Years ago, when my three-year old daughter was afraid of dogs, my husband brought one home from a shelter. She overcame her fear in a matter of days. Practice and familiarity will help your children gain confidence in overcoming their fears and struggles.
2. Teach Courage!
Until fairly recent times, physical pain was a common occurrence during childhood. In spring and fall, farms kids worked until their muscles ached. Students walked miles to school, in all weather. Mostly these children stood up, dusted themselves off, and realized that the pain was not that big a deal. By adulthood, they had learned to take lots of discomfort in their stride.
In our own time, novice ice skaters may throw themselves into the air and smash on the cold ice one hundred times before they land their first axel jump. They stand up and try again. Water skiers fall in the lake and swallow water all the time. They get back on their skis.
When a ball player is hit by a thrown or pitched ball, it’s referred to as “stitching”, as the stitches from the ball often leave a mark on the skin. Others players will urge them to ignore the pain, and take the base. “There’s no crying in softball,” is often heard at the girls’ games. All of these exemplify the correct attitude to foster grit and determination.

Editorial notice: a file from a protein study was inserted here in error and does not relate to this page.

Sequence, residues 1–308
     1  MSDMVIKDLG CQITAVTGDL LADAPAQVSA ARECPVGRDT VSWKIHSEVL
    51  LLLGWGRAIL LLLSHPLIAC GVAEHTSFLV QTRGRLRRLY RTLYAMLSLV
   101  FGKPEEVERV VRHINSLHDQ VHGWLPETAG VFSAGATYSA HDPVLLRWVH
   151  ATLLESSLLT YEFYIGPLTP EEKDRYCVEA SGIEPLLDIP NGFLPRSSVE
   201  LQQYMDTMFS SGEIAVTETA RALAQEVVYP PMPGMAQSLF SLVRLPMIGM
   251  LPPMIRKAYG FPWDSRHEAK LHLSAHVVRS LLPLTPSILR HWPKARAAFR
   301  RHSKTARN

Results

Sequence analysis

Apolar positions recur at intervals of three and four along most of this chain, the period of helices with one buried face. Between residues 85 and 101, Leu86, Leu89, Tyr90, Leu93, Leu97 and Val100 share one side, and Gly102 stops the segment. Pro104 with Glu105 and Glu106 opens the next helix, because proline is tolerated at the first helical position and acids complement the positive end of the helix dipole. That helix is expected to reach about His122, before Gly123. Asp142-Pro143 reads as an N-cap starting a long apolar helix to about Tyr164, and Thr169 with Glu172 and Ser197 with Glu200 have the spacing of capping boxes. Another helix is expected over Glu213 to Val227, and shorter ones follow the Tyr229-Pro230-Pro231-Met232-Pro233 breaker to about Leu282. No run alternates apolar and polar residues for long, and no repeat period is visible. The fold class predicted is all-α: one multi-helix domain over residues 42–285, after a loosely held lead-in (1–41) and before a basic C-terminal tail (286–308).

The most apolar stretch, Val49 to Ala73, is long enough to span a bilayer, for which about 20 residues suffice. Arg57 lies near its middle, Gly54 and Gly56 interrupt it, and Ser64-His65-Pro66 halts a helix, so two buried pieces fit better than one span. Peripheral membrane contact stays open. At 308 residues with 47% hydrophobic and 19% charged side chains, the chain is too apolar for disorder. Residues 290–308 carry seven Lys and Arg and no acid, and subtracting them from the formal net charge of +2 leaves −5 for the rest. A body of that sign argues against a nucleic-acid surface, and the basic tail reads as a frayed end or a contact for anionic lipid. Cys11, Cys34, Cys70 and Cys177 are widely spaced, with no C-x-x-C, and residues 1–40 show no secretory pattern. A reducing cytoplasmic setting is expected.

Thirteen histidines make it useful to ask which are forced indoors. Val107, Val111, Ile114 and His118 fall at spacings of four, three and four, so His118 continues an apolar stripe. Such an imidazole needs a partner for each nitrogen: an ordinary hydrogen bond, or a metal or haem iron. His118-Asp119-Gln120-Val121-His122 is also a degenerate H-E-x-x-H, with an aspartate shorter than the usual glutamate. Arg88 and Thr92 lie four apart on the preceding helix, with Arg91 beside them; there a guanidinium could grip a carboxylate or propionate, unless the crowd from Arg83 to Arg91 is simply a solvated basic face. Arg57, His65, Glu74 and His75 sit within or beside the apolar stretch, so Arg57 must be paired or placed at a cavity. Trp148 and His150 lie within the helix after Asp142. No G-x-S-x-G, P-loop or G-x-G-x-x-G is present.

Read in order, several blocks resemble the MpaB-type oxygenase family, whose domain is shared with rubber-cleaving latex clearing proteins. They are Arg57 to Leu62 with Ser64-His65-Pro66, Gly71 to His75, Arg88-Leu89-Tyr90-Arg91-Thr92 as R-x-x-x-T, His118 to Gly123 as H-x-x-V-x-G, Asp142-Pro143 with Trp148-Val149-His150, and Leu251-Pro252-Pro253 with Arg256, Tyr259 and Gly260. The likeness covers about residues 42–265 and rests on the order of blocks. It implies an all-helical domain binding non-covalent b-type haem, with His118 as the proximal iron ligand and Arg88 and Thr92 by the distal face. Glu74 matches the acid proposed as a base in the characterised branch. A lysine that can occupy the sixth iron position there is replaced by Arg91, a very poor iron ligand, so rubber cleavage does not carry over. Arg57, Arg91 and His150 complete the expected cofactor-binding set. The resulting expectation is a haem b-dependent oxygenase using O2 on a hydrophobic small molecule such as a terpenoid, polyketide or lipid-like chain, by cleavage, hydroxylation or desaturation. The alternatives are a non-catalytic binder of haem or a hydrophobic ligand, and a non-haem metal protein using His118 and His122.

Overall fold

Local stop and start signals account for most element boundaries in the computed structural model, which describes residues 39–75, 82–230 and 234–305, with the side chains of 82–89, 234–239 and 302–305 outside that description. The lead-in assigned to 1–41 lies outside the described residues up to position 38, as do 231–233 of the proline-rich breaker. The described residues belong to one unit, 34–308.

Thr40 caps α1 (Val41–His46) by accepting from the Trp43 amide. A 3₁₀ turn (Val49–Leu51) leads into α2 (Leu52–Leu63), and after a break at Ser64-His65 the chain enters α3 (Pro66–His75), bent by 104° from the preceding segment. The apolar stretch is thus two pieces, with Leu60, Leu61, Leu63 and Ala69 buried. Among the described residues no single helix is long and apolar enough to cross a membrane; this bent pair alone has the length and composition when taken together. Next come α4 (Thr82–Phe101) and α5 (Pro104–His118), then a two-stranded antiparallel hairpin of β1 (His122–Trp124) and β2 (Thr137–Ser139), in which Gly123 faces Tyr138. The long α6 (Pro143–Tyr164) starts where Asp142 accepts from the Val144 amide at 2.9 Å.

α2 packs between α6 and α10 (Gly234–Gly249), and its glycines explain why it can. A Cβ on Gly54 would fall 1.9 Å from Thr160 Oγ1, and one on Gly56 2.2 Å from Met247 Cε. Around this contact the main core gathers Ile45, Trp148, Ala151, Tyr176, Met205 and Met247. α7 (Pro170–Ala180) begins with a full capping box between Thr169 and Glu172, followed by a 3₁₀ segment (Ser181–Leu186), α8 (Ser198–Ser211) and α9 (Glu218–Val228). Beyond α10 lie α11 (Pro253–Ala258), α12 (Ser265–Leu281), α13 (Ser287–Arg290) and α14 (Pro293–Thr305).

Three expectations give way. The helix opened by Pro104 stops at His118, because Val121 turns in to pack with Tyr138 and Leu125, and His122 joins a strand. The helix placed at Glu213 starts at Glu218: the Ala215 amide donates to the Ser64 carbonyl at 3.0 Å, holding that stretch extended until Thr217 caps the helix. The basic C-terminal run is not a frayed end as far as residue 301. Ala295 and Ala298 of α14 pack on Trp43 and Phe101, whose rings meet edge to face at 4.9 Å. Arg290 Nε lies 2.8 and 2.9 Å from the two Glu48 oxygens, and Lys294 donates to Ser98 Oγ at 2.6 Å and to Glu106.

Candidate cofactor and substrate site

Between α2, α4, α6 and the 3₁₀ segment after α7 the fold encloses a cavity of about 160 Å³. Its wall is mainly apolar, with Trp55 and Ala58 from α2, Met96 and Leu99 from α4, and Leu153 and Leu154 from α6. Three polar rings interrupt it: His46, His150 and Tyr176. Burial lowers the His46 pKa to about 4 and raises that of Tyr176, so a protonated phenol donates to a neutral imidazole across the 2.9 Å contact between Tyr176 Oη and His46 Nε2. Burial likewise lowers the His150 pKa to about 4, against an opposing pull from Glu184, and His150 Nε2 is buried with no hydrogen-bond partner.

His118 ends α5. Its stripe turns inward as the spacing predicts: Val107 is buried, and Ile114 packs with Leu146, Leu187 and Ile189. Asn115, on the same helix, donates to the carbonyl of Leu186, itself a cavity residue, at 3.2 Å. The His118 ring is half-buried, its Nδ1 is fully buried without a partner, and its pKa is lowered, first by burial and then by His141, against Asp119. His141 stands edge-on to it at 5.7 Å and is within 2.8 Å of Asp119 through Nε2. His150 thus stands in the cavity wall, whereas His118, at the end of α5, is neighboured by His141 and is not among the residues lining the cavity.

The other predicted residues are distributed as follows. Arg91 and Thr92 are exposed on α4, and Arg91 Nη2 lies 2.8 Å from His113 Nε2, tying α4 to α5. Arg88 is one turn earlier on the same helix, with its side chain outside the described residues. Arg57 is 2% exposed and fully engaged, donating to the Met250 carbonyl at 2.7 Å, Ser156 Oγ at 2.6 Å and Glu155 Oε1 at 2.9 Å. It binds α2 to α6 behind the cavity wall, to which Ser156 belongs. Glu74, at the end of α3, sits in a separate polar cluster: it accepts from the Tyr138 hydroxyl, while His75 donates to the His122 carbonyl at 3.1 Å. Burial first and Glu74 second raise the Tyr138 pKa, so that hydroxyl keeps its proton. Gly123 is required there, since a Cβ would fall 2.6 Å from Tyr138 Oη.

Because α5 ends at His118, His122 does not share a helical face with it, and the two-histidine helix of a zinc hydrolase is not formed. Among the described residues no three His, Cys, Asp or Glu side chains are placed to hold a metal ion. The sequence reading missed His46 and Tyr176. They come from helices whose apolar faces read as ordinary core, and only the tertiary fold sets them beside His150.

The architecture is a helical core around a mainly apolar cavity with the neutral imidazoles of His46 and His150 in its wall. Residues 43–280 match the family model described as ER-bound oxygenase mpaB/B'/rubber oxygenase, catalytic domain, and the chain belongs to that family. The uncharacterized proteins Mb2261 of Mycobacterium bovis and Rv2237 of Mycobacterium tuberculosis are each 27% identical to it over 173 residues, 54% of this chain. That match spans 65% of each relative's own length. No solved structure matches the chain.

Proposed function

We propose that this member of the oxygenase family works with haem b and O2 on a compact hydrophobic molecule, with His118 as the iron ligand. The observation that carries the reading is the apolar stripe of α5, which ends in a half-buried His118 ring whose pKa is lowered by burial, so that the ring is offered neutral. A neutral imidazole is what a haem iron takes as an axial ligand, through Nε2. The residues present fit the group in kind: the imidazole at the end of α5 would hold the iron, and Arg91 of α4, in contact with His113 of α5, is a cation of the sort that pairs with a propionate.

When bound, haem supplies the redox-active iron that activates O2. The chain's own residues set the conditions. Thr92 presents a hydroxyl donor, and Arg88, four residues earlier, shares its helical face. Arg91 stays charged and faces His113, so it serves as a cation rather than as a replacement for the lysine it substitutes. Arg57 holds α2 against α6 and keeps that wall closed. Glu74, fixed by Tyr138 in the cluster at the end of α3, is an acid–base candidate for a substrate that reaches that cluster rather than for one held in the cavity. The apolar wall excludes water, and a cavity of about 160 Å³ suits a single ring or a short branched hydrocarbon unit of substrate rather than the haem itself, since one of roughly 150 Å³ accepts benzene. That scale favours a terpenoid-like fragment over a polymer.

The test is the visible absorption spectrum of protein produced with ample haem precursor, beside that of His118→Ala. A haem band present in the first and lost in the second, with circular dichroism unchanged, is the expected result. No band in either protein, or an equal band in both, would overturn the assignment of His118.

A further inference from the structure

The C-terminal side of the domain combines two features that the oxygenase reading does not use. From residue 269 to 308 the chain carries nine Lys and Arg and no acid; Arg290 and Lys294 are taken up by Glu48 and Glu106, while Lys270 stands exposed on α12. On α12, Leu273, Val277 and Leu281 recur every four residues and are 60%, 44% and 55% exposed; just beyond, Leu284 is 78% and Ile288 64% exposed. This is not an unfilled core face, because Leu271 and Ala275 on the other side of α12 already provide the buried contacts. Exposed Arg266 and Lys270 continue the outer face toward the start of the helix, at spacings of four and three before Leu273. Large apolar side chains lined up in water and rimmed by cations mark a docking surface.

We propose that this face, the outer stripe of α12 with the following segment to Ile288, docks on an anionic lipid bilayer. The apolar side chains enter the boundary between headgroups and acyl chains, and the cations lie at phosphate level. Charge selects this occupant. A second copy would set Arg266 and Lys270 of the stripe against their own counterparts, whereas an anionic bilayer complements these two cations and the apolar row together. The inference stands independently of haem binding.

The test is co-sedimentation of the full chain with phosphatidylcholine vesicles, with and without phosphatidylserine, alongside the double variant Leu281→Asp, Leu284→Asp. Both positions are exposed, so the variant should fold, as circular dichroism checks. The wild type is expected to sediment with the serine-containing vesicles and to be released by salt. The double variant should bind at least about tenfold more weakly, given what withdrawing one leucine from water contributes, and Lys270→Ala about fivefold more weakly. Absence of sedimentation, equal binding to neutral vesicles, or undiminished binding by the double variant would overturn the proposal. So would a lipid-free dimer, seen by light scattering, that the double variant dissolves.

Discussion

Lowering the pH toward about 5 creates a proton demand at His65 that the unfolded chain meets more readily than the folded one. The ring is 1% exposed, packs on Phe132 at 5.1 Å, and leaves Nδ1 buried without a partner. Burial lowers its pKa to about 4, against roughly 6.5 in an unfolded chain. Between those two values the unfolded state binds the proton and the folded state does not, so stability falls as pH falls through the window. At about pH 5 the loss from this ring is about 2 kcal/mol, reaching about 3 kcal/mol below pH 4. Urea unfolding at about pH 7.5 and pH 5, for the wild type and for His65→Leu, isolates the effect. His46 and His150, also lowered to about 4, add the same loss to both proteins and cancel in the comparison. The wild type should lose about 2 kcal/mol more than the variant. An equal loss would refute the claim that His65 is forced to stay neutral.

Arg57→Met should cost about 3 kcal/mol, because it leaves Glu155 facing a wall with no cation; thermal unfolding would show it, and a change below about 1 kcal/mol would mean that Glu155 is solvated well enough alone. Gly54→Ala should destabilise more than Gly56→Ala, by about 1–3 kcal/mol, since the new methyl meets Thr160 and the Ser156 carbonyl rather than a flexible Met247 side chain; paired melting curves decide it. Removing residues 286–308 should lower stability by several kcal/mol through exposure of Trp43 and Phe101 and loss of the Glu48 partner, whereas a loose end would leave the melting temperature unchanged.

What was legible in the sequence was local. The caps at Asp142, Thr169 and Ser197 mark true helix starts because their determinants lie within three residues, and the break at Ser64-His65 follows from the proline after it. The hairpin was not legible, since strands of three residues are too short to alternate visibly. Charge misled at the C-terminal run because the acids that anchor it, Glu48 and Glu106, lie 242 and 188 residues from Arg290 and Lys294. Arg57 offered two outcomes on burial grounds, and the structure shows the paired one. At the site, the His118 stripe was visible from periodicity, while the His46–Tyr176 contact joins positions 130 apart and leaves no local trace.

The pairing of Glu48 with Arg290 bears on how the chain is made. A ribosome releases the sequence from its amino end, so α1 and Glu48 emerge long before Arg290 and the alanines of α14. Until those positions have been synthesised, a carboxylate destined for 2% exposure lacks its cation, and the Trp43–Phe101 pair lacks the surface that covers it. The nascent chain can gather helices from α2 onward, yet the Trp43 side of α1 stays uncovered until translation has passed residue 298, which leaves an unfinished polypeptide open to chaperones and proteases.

Children need to learn to take discomfort, even real pain, in their stride. It is a fact of life, and no one can hope to escape it. They build the virtue of fortitude or courage. When the courageous are knocked flat by an obstacle or illness, they stand right back up, dust themselves off, and get back in the race.
3. Why Must Students be Courageous?
My personal experience on social media makes me share John Taylor Gatto’s admiration for inculcating courage as a key to academic success. We have all seen it. A mom posts that her seven-year-old son dawdles over schoolwork, gives her a hard time, and even throws tantrums. Other moms will advise her that seven is way too young for school work, Mom should let him have fun all day.
Maybe he needs a totally new curriculum, attuned to his special needs. Others will recommend that he be tested for ADHD. More than one will suggest eliminating gluten, or food coloring, or sugar from his diet, or giving him an herbal supplement, or a vitamin supplement, or treating his condition with essential oils. The list goes on and on.
I’m a big believer in the necessity of nutritious diets and fresh air and exercise as important to academic success, and some small percentage of children do have a diagnosable learning disorder. That said, Mom might first want to look at the obvious issue: little boys have lots of energy and would rather play then work.